Sunday, April 26, 2009
Friday, April 24, 2009
A recently revised Position Statement from the American College of Nurse Midwives (ACNM) seeks to limit recognition of midwifery providers to those who have received their training through government accredited programs. The North American Registry of Midwives (NARM) oversees the credentialing of midwives who have received their training through time honored and evidenced based systems that emphasize clinical competency over all other criteria (Certified Professional Midwives-CPMs).
NARM has posted an online petition in an effort to organize our voices and convince the ACNM to reconsider its position on apprentice trained midwives. This letter seeks to unite US Midwifery under the common goal of providing women with access to the provider and setting of their choice for birth.
There are many great opportunities mounting to move midwifery forward on both the state and national level. We must stand together as a community of midwives if we are going to have a real voice for change in maternity care. Whether you are a CPM, CNM, a midwifery consumer, advocate, or none of the above, please go to : http://www.thepetitionsite.
The NARM Board of Directors
Thursday, April 9, 2009
Thursday, March 26, 2009
Friday, February 13, 2009
Wednesday, January 28, 2009
By DAVID CRARY – 1 hour ago
NEW YORK (AP) — With health care costs high on the national agenda, advocates of home births are challenging the medical and political establishments to give midwives a larger role in maternity care and to ease the state laws that limit their out-of-hospital practice.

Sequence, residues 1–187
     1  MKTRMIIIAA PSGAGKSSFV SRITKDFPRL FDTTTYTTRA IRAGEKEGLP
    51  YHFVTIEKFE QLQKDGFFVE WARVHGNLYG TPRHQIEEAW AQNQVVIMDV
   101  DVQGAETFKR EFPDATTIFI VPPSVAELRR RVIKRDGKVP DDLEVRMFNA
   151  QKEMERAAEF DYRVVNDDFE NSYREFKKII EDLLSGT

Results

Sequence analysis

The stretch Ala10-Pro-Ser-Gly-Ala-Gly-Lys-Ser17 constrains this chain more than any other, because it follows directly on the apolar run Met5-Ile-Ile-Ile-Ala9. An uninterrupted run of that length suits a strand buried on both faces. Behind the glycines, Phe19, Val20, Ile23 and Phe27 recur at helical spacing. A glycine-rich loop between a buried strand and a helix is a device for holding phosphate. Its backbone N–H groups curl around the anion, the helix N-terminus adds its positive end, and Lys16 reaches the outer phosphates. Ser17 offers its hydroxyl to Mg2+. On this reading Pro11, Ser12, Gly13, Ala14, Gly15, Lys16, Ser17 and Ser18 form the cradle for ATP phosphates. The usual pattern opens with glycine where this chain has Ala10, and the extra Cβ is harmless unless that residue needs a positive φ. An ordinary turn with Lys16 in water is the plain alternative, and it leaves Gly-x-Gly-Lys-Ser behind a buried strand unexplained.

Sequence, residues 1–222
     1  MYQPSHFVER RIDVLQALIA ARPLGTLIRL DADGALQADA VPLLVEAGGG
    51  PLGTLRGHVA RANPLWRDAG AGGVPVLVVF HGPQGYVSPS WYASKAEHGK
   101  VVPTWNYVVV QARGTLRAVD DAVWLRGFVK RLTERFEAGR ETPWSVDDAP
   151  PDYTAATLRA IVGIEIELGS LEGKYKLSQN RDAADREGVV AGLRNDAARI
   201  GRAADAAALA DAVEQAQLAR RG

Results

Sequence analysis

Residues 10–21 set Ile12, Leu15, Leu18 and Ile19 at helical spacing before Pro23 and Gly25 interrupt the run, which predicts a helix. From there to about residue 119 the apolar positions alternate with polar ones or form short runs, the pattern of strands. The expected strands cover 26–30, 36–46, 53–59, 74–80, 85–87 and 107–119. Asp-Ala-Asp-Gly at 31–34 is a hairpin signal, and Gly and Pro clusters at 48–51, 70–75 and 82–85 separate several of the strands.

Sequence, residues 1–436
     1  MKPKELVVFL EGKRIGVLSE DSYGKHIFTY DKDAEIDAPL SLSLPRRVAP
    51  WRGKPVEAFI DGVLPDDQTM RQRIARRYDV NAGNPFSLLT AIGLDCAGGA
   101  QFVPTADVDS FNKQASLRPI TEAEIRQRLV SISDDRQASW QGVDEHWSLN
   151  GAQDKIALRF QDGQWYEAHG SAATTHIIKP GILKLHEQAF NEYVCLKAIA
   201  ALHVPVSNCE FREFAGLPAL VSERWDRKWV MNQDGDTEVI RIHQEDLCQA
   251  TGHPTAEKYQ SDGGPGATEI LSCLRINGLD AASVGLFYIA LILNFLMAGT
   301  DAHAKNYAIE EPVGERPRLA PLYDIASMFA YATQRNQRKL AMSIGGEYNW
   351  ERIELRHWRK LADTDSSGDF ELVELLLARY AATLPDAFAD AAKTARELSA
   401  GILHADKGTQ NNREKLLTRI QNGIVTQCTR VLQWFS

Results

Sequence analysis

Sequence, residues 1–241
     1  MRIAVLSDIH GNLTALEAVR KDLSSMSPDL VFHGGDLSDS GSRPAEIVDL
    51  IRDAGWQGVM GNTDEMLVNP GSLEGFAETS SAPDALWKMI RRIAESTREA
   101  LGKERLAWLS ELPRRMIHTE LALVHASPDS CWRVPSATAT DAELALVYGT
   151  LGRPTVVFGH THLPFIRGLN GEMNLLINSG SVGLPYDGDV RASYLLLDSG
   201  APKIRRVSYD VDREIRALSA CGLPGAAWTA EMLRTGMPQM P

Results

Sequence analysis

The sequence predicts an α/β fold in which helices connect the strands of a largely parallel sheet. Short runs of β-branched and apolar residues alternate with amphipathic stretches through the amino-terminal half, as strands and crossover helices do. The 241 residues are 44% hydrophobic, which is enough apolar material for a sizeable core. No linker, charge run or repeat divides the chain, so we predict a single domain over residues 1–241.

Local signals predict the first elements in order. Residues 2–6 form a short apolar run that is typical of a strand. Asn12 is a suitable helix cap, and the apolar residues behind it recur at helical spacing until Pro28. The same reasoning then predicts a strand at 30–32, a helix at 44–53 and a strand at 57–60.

Pending bills to further this goal have significant backing in several states, which home-birth supporters want to add to the 25 states that already have taken such steps.
Nationally, a group called the Big Push for Midwives marked President Barack Obama's inauguration with an e-mail campaign urging him to ensure that midwives who specialize in home births are included in deliberations on federal health care reform.
"We're at a tipping point now," said Katherine Prown, the Big Push campaign manager. "Home births are still only a small part of the total, but it's poised for growth."
The campaign seeks to emphasize that in this time of economic crisis, home births can be a safe, satisfying and moneysaving option for many women. But it runs into adamant opposition from the American Medical Association and the American College of Obstetricians and Gynecologists.
"Childbirth decisions should not be dictated or influenced by what's fashionable, trendy, or the latest cause celebre," the obstetricians' policy statement says. "Despite the rosy picture painted by home birth advocates, a seemingly normal labor and delivery can quickly become life-threatening for both the mother and baby."